"I want us to win a trophy for Bobby," he enthused, no doubt focusing on the latest incarnation of the League Cup as the best chance of doing so in the short term.

"But I hesitate to talk about trophies," added the 31-year-old, who credits his decision to retire from the England scene as one of the main factors behind his ability to perform to such a consistently high standard at club level.

Shearer's reluctance is understandable, given the number of times Newcastle have taken their magnificent fans to within touching distance of domestic glory, only to fail.

But there is genuine belief that now, at long last, the mix is right to enable the club to cement its rightful place, not only among the English elite, but also on the European stage.

Robson's knowledge of the European scene has enabled him to import some outstanding talent to Tyneside, none more so than French winger Laurent Robert, who cost £10 million from Paris St Germain in the summer.

Once eyed by George Burley on behalf of Ipswich, until he realised the player was well outside Town's price range, Robert's price tag makes him the club's second most expensive player behind Shearer, who cost £15 million.

Also in the firing line, and proving value for money, is ex-Norwich star Craig Bellamy, for whom Robson handed Coventry £6 million in the summer. He has since netted 10 times for the Geordies.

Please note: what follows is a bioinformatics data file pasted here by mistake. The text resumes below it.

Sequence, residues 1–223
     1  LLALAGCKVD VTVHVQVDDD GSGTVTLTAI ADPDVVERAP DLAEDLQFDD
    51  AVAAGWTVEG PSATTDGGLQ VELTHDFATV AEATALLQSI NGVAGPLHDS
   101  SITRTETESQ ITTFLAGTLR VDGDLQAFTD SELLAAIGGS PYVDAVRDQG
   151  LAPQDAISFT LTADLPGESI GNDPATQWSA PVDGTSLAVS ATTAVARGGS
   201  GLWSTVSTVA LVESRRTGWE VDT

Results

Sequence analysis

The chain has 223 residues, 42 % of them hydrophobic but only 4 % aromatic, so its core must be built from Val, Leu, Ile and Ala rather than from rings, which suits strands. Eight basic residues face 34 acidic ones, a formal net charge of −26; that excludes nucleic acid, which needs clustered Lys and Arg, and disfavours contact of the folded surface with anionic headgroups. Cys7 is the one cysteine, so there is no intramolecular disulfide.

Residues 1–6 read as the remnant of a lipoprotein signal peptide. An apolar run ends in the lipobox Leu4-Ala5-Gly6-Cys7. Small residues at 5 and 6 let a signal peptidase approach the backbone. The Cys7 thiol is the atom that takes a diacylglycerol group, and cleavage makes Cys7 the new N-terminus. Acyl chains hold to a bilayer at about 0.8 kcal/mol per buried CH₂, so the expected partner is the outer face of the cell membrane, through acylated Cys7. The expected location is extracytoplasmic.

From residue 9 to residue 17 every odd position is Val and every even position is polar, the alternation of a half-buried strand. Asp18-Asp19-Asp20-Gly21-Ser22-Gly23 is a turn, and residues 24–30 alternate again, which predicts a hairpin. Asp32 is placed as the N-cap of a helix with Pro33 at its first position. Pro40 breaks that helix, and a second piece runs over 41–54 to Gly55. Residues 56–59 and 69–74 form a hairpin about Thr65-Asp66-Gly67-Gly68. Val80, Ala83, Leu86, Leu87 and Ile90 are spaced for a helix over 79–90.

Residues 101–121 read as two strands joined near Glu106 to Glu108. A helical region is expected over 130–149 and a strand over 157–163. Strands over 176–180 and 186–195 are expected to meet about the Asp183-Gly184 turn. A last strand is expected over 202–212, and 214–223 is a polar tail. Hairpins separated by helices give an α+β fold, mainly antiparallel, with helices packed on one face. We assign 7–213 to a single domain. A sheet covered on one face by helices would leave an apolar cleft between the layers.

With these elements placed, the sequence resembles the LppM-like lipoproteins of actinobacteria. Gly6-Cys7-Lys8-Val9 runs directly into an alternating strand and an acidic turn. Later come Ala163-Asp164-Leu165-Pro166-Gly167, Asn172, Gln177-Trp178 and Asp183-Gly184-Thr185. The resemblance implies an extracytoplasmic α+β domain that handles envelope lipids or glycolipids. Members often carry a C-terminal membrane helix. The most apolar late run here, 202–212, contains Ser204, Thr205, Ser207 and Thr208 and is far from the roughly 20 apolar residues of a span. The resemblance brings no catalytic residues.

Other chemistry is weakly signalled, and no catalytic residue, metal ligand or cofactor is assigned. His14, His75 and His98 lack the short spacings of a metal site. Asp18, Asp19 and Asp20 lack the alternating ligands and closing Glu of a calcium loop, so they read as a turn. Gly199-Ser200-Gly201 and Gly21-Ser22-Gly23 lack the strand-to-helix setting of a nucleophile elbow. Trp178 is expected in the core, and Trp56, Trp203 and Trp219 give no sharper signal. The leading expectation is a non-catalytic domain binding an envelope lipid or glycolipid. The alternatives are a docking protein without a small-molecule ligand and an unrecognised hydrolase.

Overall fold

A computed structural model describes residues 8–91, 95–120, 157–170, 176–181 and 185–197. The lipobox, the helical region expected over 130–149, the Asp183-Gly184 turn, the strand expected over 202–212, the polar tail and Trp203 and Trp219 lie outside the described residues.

Still without the services of £7 million ex-Wimbledon forward Carl Cort, who underwent a knee operation in America last week and whose latest comeback target has been revised to February, Newcastle have been grateful for the emergence of England Under-21 striker Shola Ameobi.

They can also call on ex-Colchester forward Lomana Lua Lua, who cost £2.25 million in September last year and has clearly benefited from playing in better company over the past 15 months.

Welsh international midfielder Gary Speed is a consistent performer who has scored in two of his side's last three Premiership games, while 35-year-old Rob Lee's reluctance to extend his stay at St James' Park beyond the end of this season has not had an adverse effect on his play.

Robson regularly raves about Chilean midfielder Clarence Acuna, an industrious type who cost only £1 million, while another South American import, Peruvian right-winger Nolberto Solano, has become a huge favourite with supporters.

Shearer thrives on the service from the flanks provided by Solano and Robert, while Bellamy's pace when running at defenders has been another not-so-secret weapon behind Newcastle's success this term.

Robson has also strengthened the Geordies' defence, retaining Greek international Nikos Dabizas and bringing in Andy O'Brien at a cost of £2

Million from Bradford, while also securing the services on loan of Sylvain Distin from Paris St Germain.

Home-grown Welsh international Aaron Hughes is performing solidly at right-back, to keep ex-Wimbledon man Warren Barton in the wings, while Robbie Elliott returned on a free from Bolton in June and has seen off all challengers for the left-back berth.

Robson is in the enviable position of having two top-class keepers, Republic of Ireland international Shay Given currently keeping Steve Harper on the bench.

Completing the Newcastle squad are 22-year-old French defender Olivier Bernard; Argentinian midfielder Christian Bassedas; and former England Under-21 pair Andy Griffin and Wayne Quinn, previously with Stoke and Sheffield United respectively.